Benny Golson, Deserving of a Little Chapter in the History of Jazz

Written by | Concerts, News, Tours

The history of jazz tends to get condensed into one or two dozen names, but so many more made outstanding contributions yet they are more-or-less unknown to the wider public. Benny Golson, saxophonist and composer, is a lesser-known jazz legend still active and will be touring Europe in November.

Golson made his mark for posterity on the Blue Note recording “Moanin” by Art Blakey and the Jazz Messengers. For this hard-bop classic from 1958-59, all of the songs were composed by Golson, with the exception of pianist Bobby Timmon’s nine-minute gem which is the title track. And yet even on “Moanin,” with most notably Lee Morgan on trumpet, Golson slowly dances along in a slip and slide showcase solo on his tenor. Meanwhile “Along Came Betty,” and “Blues March,” from this album are among Benny Golson’s best-known standards, where the saxophonist and other soloists do not strive to outdo each other, instead they lead graceful jazz struts, simply the essence of high-time hard bop.

Golson (born 1929) joined the jazz scene in New York City in the 1950s, originally from Philadelphia, similarly as John Coltrane, but unlike Coltrane, he never had wide success as a leader although his many compositions were strongly appreciated and recorded by his peers. So, “Moanin” which is considered among the most important jazz recordings of all time is generally associated with Art Blakey the leader.

Golson only recorded that one album with Blakey, while his compositions on Blue Note had appeared even before this on Morgan’s debut album “Presenting Lee Morgan” also on Blue Note from 1956-57. Morgan included two standout themes by Golson on this record, “Reggie of Chester,” and “Stand By.”

As a leader, he debuted on “Benny Golson’s New York Scene” in 1957 for Contemporary Records. This one features “Whisper Not,” one of his best-known compositions, an essential standard, recorded with Art Farmer (trumpet), Wynton Kelly (piano), Paul Chambers (bass) and others. He also recorded at this same time, “Benny Golson and the Philadelphians” on Blue Note (1958) with top players from his hometown, Lee Morgan, Ray Bryant (piano), Percy Heath (bass), and Philly Joe Jones (drums).

The next splash of Benny Golson to jazz history was in 1960 with trumpeter Art Farmer as the Jazztet. Their debut recording “Meet the Jazztet” included most notably as a sextet Curtis Fuller on trombone and McCoy Tyner on piano, while the two standout tracks on this recording including the ballad “I Remember Clifford,” and the meaty “Killer Joe,” both written by Golson are now outright jazz classics.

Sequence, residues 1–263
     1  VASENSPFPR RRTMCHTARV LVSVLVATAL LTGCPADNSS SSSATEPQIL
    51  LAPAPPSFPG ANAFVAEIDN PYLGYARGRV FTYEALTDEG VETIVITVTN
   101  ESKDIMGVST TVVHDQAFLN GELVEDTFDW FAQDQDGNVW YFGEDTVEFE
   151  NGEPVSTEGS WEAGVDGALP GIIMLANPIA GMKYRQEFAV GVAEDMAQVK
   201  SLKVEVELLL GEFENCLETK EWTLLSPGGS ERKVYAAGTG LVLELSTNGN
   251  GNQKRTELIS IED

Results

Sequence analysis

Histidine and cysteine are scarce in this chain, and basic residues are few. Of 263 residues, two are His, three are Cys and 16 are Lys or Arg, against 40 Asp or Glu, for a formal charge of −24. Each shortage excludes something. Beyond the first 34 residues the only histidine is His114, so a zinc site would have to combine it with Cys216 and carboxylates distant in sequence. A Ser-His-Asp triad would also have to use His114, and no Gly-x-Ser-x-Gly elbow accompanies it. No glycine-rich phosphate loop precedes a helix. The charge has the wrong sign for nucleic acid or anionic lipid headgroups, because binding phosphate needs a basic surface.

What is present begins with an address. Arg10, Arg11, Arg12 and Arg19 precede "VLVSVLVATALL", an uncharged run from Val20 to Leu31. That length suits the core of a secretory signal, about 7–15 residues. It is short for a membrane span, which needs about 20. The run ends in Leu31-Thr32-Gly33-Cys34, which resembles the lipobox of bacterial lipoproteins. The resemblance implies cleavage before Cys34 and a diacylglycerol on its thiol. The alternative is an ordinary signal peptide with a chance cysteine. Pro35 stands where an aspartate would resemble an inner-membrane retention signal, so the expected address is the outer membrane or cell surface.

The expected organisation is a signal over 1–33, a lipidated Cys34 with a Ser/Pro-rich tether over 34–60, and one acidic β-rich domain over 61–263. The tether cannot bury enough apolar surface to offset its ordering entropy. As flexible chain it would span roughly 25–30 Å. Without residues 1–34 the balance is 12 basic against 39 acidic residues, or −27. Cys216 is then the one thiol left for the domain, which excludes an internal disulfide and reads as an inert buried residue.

After shifting from Argo to Mercury Records, in 1962, the Jazztet recorded “Here and Now” which featured a new version and till now the definitive and most sultry recording of “Whisper Not.” While Golson never became famous as the sole leader of his own group, while at his peak or beyond, he has been a steady co-leader or sideman for many others (including Curtis Fuller) for decades. And even before he had made his mark with his own compositions, he played under the guidance of legendary jazz big band leaders including Benny Goodman, Dizzy Gillespie, Lionel Hampton, and Earl Bostic.

Throughout the rest of the 60s and up into our present times, Golson has not shifted to newer trends in jazz like many of his peers; instead he has held mostly faithful to hard-bop as the foundation or even gospel of modern jazz, and thus his place in this realm is now undisputed, as a master jazz composer, arranger, lyricist and producer, the tenor saxophonist Benny Golson on tour should not be missed.

Benny Golson will begin his upcoming European tour in Prague with the highly-acclaimed Italian post-bop pianist Antonio Farao and his trio, while the other shows will be with the Blue Note Tribute band.

Benny Golson on tour in Europe, November 2019

November 5, Tuesday – Jazz Dock, Prague, Czech Republic
November 7, Thursday – Konzerthaus, Dortmund, Germany
November 8, Friday – Festspielhaus, Baden Baden, Germany
November 9, Saturday – Theaterhaus T1, Stuttgart, Germany
November 10, Sunday – Elbphilharmonie, Hamburg, Germany
November 11, Monday – Alte Oper, Frankfurt, Germany
November 12, Tuesday – Burghof, Lorrach, Germany
November 14, Thursday – Admiralspalast, Berlin, Germany
November 15, Friday – Zughafen, Erfurt, Germany
November 16, Saturday – Prinzregententheater, Munich, Germany
November 18, Monday – London Jazz Festival, London, UK

Senior writer: Tony Ozuna

Photo credits: Benny Golson – and (c) info: all rights go to original recording artist/owner/photographer(s).

Last modified: April 25, 2020